Ireland lagging behind Europe in AI adoption and application

Kieran McCorry, Microsoft Ireland (Image: Microsoft)

Despite its potential for business, Microsoft and EY research shows a growing gap with European counterparts

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18 October 2018 | 0

Irish organisations are falling behind European counterparts in the adoption and application of artificial intelligence (AI) technologies, according to new research from Microsoft and EY.

The research, conducted among 277 major companies, across seven business sectors and 15 countries in Europe, also comprised in-depth interviews with 20 organisations based in Ireland, and found there are key stumbling blocks here which could threaten successful AI roll out and, ultimately it says, digital success.

“AI will be a key driver of technology within the aviation industry. Machine Learning is already finding its way into our resource planning and passenger experience front end systems,” Dublin Airport Authority

According to the research, almost two thirds (65%) of organisations expect AI to have a high impact on their core business. This compares with just 40% for Ireland. However, that places us with the likes of Sweden and Denmark, but well behind leaders Portugal.

To put that in a wider context, despite the faith European organisations are putting in the potential for AI to impact their core business, only 4% of respondents regarded themselves as advanced in the use or implementation of AI.

Planning and piloting
While many organisations see the potential of AI, the research suggests that Irish organisations are falling behind European counterparts in AI implementation and investment, but this is somewhat offset by the fact that three quarters of Irish organisations say they are in planning or piloting phases.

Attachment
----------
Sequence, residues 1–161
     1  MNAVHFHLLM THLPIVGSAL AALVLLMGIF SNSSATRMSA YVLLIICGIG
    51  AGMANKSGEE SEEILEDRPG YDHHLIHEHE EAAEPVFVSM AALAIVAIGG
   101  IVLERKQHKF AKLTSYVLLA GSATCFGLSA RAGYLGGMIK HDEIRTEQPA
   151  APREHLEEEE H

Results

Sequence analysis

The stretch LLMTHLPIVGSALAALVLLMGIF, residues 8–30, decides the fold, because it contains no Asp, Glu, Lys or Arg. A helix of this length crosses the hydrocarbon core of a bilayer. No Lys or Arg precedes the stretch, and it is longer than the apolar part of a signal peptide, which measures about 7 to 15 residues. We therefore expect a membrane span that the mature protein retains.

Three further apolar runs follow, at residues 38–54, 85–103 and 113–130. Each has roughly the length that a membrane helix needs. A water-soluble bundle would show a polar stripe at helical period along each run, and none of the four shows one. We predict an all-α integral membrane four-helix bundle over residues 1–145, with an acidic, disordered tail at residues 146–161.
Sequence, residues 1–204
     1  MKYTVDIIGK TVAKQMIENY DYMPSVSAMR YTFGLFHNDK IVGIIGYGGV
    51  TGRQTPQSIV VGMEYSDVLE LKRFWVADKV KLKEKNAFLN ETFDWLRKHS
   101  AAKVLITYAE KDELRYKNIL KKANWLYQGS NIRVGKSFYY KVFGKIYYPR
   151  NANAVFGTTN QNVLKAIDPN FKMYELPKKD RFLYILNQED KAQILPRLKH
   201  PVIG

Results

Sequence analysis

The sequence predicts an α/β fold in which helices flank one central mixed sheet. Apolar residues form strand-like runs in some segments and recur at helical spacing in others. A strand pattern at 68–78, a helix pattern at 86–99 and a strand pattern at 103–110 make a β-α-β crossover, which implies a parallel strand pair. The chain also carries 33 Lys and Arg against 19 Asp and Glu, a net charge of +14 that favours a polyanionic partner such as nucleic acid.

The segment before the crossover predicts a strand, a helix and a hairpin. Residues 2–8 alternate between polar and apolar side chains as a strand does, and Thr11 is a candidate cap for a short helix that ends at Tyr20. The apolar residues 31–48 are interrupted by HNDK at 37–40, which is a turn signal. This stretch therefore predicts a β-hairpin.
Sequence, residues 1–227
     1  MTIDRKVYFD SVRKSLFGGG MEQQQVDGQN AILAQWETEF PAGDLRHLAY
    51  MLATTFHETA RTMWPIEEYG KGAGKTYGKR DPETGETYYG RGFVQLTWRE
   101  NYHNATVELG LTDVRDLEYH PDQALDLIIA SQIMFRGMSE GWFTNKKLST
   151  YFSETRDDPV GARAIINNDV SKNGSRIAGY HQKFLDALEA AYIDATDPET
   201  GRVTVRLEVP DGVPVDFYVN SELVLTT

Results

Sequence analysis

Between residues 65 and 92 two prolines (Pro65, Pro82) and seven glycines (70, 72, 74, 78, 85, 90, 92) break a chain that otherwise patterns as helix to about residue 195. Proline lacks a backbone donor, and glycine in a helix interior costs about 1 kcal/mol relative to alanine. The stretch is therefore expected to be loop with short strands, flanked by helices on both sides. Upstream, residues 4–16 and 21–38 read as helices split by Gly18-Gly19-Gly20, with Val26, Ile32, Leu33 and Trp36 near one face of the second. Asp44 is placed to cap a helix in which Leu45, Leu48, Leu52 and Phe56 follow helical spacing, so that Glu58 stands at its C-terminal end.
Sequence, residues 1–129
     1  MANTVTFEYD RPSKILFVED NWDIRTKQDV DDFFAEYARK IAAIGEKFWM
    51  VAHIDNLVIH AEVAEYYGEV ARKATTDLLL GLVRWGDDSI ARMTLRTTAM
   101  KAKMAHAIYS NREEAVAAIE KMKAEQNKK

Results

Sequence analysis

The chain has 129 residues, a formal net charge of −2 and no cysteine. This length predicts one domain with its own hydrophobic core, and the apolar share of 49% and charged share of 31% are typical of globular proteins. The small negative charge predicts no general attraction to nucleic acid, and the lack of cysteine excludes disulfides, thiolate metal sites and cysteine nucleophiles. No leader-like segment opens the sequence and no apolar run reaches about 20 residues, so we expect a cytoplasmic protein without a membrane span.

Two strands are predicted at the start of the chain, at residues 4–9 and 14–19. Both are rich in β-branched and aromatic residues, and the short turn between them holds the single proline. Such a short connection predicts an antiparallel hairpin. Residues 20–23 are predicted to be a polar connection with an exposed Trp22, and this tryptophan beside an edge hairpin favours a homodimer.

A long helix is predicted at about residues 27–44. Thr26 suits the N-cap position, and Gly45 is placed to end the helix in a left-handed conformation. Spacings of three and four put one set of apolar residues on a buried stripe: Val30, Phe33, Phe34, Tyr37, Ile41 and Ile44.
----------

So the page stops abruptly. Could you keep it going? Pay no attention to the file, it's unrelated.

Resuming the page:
The vast majority (89%) of all respondents, 85% in Ireland, expect AI to generate business benefits by optimising their companies’ operations in the future.

The Dublin Airport Authority is quoted in the research report as saying “AI will be a key driver of technology within the aviation industry. Machine Learning is already finding its way into our resource planning and passenger experience front end systems”.

Almost three quarters (74%) of respondents expect AI to be key in engaging customers, with more than half (56%) expecting AI to have a high impact or a very high impact on business areas that are, as yet, “entirely unknown to the company today”.

The research report states that despite the apparent sizeable impact that companies expect from AI, only a very small proportion of companies, constituting 4% of the total sample, say that AI is actively contributing to “many processes in the company and is enabling quite advanced tasks”.

Good understanding
Speaking to TechPro, Kieran McCorry, national technology officer for Microsoft Ireland, said he believed that there was a good general understanding of AI technologies and their potential for digital transformation, despite the tendency for vendors to ‘AI wash’ their offerings.

“The detail would suggest a good knowledge of the potential of the technologies,” he argues.

He said AI is already being effective in areas such as healthcare with intelligent chatbots that are contributing to the understanding of patient flows, allowing natural language interactions from clinicians. In the energy space, he said, the technologies are providing greater understanding of power generation needs based on distribution and consumption monitoring. Sport too, including  GAA and rugby, is benefiting, from athlete monitoring to statistical and video analysis.

“We are at a really interesting moment where businesses can begin to consume these technologies,” said McCorry.

This is due, he says, to a conjunction of circumstances. The development of algorithmic elements of the technologies, as well as cloud platforms and the availability of data in the qualities and quantities needed, have combined to allow these technologies to produce real results for those organisations that have engaged.

Emotional intelligence